The grey seal is among the rarest of seals in the world. It has a rotund torso which tapers to a more slender hind end, and a layer of thick blubber for insulation against cold temperatures in the sea. Adult males feature thick rolls of flesh on their necks and chests and a concave ‘Roman’ type of nose.

Read Pritish Kumar Halder illustration of Grey Seal, its distribution, lifestyles and threats.

Gray seals have long, flat faces with big eyes, and they do not have external ears. Their front flippers are relatively blunt and short, and the hind ones are short and thick. Males are dark gray, black and brown with some lighter blotches, while females are usually light gray with darker blotches. When pups are born they have thick, creamy-white fur, called ‘lanugo’, which molts and is replaced by their adult coat when they are about two to four weeks old.

Grey seal


Gray seals live on both coasts of the North Atlantic Ocean, in three separate populations: the western Atlantic group is found around the coast of Canada at north Labrador down as far as New England. Those of the eastern Atlantic population are found around the United Kingdom and Irish coasts and those of northwestern Russia as far north as the White Sea. There is a Baltic population in the Baltic Sea. These seals spend the majority of their lives in coastal waters; when on land, they occur on rocky coasts, islands, and sandbars, as well as on ice shelves and icebergs.

Habits and Lifestyle

Gray seals are diurnal animals, being active during the day and sleeping at night. They gather in large groups for mating, pupping and molting. They do not eat during the breeding period, drawing from their blubber for nutrition. This seals also gather together in small groups on land to rest. When foraging, however, they dive alone or with a small group.

A behavior that is commonly seen is ‘bottling’ when the seal is in a vertical position in the water with only its head up above the surface. Gray seals can be quite curious about humans and boats, and will approach vessels and divers. Care must be exercised when observing seals on land as they may be aggressive, particularly during the breeding season. These seals do not migrate but they disperse widely after the mating season.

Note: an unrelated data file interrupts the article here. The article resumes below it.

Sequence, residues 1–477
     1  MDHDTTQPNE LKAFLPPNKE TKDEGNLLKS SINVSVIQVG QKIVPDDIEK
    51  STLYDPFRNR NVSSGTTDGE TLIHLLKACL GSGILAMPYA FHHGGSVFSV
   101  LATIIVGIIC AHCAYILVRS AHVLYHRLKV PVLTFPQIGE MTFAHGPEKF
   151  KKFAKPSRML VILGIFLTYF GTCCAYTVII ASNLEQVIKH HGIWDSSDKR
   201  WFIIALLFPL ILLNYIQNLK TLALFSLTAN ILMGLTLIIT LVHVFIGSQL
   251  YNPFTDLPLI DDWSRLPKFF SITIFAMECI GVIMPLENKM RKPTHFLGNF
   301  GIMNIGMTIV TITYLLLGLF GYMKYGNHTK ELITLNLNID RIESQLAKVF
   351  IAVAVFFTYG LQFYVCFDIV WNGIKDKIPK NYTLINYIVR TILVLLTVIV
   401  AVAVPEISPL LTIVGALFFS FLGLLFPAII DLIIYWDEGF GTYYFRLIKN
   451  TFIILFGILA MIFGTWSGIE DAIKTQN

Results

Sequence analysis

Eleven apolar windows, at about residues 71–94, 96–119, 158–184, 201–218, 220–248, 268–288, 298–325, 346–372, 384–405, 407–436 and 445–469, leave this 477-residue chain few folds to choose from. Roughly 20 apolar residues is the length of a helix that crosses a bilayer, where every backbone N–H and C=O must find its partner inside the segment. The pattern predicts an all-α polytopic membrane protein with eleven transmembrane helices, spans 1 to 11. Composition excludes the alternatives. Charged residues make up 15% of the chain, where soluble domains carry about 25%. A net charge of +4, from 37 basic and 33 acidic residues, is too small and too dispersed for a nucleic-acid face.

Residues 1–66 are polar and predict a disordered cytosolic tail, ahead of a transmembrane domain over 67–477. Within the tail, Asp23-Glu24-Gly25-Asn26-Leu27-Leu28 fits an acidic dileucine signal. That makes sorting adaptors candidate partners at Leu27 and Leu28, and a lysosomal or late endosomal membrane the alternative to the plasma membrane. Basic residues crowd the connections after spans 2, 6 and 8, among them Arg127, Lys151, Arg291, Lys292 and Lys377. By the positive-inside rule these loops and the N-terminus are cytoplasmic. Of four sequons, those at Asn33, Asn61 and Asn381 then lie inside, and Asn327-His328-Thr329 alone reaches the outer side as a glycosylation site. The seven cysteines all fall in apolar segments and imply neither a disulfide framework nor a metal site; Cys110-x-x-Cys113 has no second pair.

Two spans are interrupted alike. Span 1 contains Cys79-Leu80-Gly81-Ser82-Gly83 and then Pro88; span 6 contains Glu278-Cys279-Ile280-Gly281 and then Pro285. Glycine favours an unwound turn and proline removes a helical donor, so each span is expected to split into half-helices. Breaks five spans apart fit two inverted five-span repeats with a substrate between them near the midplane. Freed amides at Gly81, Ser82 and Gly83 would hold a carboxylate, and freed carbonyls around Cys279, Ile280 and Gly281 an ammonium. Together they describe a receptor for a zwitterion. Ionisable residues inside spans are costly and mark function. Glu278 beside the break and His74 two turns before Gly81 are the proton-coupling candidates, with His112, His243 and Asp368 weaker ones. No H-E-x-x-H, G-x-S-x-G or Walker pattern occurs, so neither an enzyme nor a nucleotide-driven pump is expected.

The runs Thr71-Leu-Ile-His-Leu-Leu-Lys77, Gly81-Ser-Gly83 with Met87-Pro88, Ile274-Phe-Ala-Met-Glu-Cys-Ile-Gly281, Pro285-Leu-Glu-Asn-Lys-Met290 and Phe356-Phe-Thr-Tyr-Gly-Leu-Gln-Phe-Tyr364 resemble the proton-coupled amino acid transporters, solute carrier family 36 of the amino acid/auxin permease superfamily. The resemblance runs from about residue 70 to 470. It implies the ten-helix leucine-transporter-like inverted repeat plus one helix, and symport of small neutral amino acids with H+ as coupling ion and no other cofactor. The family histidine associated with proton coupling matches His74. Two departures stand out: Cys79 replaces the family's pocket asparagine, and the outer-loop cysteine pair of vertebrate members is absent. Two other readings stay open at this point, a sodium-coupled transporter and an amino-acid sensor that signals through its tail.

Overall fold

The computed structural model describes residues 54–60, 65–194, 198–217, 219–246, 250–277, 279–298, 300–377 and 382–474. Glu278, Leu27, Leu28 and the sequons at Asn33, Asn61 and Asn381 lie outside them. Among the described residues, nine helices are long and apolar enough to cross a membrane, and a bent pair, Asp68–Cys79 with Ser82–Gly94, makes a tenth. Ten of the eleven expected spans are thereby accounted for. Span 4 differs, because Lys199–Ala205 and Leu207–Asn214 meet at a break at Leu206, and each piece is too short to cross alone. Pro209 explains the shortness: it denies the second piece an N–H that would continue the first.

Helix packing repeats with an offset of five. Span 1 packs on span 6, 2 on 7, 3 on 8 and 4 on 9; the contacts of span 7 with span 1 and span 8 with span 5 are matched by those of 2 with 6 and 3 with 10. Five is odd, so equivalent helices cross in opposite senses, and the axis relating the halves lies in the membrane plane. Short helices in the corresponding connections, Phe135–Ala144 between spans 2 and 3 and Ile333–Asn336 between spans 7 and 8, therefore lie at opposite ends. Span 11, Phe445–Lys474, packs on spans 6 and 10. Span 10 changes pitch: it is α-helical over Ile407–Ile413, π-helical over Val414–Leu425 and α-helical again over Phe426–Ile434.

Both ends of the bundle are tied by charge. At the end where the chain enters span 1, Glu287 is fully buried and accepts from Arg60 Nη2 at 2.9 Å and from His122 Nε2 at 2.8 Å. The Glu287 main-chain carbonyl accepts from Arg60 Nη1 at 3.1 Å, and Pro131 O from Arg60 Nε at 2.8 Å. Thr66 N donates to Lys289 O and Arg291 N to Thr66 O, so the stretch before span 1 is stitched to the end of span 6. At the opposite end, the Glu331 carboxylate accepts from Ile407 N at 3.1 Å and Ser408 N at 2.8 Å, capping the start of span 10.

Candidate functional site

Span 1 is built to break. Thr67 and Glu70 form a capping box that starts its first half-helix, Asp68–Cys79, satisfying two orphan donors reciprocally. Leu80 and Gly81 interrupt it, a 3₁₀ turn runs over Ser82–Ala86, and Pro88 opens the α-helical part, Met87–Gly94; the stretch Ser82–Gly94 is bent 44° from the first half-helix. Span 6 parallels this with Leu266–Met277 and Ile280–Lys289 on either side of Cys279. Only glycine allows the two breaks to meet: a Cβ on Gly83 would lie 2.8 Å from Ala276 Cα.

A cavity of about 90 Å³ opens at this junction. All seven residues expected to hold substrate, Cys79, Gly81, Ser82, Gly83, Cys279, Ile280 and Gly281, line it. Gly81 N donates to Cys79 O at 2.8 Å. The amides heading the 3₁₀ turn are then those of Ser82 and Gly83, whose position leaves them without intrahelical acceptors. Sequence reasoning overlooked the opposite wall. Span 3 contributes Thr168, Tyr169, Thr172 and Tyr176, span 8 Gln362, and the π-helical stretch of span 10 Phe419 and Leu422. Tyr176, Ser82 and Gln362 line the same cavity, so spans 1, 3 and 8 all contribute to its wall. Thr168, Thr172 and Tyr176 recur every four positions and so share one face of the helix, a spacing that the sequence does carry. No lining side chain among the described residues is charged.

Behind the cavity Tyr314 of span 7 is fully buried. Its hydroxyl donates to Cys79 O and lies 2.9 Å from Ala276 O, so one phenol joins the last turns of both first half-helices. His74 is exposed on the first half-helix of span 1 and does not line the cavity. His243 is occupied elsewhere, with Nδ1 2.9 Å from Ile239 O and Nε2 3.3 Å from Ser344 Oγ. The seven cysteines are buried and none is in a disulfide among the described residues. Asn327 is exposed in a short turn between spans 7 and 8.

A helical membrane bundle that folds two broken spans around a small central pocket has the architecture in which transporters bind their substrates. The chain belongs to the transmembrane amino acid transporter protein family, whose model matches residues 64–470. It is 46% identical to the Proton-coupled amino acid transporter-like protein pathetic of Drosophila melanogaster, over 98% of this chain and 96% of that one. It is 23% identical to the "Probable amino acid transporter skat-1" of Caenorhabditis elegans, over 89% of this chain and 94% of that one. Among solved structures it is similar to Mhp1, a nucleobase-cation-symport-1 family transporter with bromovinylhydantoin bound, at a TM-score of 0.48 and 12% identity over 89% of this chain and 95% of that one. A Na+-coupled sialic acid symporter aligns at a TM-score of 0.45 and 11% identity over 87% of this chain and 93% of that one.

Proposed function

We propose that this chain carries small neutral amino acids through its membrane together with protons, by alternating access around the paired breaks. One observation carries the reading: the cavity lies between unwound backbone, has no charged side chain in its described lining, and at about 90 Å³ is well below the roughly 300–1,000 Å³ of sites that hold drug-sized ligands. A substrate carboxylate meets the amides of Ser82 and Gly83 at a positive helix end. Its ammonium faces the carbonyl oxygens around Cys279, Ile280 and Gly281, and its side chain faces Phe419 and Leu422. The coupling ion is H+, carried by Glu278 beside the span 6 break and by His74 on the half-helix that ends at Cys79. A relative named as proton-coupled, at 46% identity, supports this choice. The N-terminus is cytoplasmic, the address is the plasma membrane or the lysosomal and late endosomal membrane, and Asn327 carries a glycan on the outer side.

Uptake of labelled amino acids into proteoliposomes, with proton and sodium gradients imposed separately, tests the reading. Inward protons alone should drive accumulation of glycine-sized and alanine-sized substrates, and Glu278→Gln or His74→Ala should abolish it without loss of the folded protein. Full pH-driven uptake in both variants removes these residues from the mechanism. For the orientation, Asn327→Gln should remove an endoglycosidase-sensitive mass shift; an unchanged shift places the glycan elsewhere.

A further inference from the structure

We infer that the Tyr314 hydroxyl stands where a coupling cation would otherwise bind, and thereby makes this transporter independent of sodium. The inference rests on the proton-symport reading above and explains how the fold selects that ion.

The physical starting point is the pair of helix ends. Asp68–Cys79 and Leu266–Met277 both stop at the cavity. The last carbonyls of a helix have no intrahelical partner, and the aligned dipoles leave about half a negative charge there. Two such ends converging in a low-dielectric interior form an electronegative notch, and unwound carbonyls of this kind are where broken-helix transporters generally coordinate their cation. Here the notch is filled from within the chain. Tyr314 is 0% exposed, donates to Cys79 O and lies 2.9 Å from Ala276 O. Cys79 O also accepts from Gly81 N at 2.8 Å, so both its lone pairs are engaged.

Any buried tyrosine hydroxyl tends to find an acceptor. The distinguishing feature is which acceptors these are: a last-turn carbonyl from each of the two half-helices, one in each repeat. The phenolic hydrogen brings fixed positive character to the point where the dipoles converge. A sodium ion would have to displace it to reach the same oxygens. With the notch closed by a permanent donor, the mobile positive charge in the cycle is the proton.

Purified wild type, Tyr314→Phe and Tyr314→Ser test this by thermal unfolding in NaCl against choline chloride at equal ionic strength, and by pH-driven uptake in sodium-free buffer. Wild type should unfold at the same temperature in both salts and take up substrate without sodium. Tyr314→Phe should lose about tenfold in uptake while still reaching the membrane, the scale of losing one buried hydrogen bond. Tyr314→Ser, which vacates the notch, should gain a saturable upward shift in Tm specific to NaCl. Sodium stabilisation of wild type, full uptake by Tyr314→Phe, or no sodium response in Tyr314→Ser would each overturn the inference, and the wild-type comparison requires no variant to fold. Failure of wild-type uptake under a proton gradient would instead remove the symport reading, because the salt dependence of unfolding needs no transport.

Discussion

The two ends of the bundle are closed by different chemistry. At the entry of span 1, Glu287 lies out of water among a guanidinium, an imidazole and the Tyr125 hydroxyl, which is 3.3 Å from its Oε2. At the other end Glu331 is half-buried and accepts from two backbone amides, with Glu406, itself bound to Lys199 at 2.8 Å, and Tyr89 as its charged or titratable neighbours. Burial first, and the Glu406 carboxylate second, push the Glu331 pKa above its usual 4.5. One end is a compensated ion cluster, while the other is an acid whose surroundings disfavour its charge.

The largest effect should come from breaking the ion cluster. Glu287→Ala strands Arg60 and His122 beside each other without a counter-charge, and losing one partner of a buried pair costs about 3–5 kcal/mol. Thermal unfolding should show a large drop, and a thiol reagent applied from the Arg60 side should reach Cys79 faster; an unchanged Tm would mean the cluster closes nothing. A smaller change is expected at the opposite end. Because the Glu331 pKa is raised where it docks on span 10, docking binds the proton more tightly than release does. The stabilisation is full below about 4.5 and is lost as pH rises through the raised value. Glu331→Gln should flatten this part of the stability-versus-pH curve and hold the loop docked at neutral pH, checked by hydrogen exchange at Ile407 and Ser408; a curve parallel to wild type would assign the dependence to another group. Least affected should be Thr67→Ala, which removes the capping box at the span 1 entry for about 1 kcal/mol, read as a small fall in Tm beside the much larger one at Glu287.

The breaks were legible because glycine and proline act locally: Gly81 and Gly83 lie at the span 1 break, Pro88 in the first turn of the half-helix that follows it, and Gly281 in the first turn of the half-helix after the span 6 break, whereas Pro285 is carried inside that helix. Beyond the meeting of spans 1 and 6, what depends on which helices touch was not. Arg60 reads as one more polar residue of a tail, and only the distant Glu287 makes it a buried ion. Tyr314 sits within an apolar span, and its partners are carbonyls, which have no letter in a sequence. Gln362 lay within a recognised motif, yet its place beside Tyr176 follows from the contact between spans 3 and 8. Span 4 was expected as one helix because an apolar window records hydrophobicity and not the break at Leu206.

Diet and Nutrition

Gray seals feed on a wide variety of crustaceans such as shrimp, as well as fish, squid and octopus.

Mating Habits

Gray seals tend to be polygynous, with males in competition to mate. Successful males mate with between 2 and 10 females, but in areas such as ice or sand where females are not so close together, one male will often mate with just one female. The mating season of the gray seal occurs from mid-December until October, depending upon where the population is located.

After gestation of 11 months, females bear one pup the day after coming to shore at the rookery. Pups are nursed for 3 weeks and will remain on land until molting has taken place, living off its reserves of blubber, and then it will feed out at sea. The young generally disperse in different directions from their rookery and can wander distances of more than 1,000 km. A female gray seal is ready to breed when it is about 4 years old, while males are ready between 3 and 8 years old.



Gray seals can become entangled in fishing gear and other types of marine debris resulting in seals swimming off with the gear attached or becoming anchored. They can become entangled in many different fishing gear types including gillnets, trawls, purse seines, and weirs. Once entangled, seals may drown if they cannot reach the surface to breathe, or they may drag and swim with attached gear for long distances. This can ultimately result in fatigue, compromised feeding ability, or severe injury, which may lead to reduced reproductive success and death.

Illegal Take/Killing